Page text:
There’s an app to check claims in political ads

Pamela Stevens , Staff Writer

With the Nov. 4 election fast approaching, we have all experienced the political ads that seem to be around every corner. We may try to avoid them by turning to Netflix and DVRs, satellite and Internet radio, but ad campaigns are savvy and change as our technology changes.

We still find fliers in our mailboxes, but we also find them increasingly on social media sites, as politicians do whatever they can to get their message to voters. Regardless of how politicians and interest groups are reaching out, it’s helpful to know how to verify their claims for ourselves so we can be as informed as possible entering the voting booth.

Advances in modern technology and communication have put voters in an ideal position to become well-informed on the candidates and the issues important to them. Though there are several helpful tools, it’s always good to start with a critical eye. Taking note of who paid for an ad can reveal how the ad is biased.

Endorsements are often unclear and may require further investigation. Sites like and apps like “Ad Hawk” can help voters find out who is really behind these ads.

It’s also important to pay attention to the wording of political ads. For example, claims of job growth may use small timeframes – sometimes less than a year – while long-term changes are usually far more telling.

Ads may refer to broad geographical regions, like The Midwest, despite certain parts of that region being excluded from the final data. This is when additional fact-checking is needed, and when the internet becomes an valuable tool for weeding through all the numbers and confusing wording in ads.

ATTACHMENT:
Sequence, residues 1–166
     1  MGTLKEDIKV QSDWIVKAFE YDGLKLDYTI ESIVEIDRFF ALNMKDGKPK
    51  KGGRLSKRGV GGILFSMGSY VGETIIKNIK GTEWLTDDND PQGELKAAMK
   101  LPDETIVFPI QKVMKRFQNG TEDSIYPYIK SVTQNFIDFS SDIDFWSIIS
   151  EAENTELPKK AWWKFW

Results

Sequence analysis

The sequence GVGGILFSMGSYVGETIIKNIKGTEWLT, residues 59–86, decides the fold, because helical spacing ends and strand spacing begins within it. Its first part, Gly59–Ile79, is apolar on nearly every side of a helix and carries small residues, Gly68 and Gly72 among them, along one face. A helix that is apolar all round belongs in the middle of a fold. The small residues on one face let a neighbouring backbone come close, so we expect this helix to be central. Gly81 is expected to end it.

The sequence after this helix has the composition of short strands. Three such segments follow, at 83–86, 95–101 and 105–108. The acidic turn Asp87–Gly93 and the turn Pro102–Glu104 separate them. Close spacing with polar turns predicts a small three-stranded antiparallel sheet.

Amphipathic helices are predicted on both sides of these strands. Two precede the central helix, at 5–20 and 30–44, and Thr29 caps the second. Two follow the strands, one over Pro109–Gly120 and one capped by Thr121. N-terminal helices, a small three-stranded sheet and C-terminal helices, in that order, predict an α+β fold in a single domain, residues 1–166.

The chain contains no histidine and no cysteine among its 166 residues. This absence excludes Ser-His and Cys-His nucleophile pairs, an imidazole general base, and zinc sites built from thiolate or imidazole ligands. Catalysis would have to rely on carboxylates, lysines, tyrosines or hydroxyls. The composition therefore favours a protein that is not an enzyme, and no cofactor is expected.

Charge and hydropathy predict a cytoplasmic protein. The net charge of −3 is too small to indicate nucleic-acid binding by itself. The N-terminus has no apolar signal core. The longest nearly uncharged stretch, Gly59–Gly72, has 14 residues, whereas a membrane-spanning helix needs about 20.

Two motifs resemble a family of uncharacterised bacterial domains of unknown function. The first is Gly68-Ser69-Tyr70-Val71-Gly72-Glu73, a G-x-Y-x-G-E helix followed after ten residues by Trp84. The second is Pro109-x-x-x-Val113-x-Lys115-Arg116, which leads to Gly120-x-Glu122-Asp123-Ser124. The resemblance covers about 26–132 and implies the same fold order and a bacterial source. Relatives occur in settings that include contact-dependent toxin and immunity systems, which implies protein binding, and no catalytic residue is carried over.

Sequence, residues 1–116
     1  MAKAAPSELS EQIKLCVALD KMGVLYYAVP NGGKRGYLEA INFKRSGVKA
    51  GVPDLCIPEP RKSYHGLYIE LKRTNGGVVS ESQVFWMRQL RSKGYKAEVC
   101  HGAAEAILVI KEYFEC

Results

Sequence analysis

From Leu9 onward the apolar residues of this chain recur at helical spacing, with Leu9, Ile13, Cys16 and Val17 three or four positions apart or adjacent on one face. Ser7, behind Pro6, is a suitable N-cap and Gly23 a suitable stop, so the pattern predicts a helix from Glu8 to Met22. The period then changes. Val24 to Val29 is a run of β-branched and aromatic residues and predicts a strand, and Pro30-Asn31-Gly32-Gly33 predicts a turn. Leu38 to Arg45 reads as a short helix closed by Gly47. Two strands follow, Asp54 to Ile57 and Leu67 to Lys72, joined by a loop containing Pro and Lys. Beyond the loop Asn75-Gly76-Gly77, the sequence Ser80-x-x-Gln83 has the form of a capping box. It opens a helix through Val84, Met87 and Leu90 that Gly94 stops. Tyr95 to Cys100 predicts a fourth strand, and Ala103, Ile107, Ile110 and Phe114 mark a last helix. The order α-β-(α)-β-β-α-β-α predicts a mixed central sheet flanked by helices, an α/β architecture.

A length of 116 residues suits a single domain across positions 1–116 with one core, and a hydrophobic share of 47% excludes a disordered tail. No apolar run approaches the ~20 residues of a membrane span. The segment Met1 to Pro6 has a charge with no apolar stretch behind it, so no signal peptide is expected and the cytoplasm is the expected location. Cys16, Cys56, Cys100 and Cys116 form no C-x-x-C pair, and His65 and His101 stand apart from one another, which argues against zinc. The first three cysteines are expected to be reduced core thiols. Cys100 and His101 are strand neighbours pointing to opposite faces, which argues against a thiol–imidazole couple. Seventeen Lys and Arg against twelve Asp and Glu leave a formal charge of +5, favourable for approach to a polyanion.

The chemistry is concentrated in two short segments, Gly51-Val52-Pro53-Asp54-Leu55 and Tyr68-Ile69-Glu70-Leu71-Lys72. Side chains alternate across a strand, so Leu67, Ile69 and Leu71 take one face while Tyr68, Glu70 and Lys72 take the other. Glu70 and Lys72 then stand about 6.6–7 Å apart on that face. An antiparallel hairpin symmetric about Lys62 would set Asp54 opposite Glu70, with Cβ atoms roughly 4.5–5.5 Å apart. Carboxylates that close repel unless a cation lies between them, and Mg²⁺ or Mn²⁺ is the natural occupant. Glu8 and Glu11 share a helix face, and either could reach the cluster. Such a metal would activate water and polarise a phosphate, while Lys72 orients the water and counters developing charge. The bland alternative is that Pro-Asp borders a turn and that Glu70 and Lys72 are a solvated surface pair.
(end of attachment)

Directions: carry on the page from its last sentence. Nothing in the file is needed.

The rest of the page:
Several websites are available for helping voters become more informed. is sponsored in part by the Milwaukee Journal Sentinel, and uses their “Truth-O-Meter” to rank a political ad’s claims. also gives a thorough breakdown of how their conclusions were reached. is nonpartisan and nonprofit, calling itself a “consumer advocate” for voters. It provides readers with the whole story behind ad claims, including viewpoints from both sides.

There are also fact-checking apps, such as the “USA Today Political Ad Tracker,” which partners with and follows the ad campaigns for the 2014 Senate, House, and gubernatorial races across the country.’s app, “Settle It!” enables you to search their “Truth-O-Meter” by name, keyword or subject. All the apps and websites mentioned here are offered completely free of charge.

While these sites appear to be unbiased, bias can still trickle into any political resource, so it’s important to keep asking questions, vary sources and maintain a skeptical eye towards all political ads. Doing so can enable voters to make confident, well-informed decisions.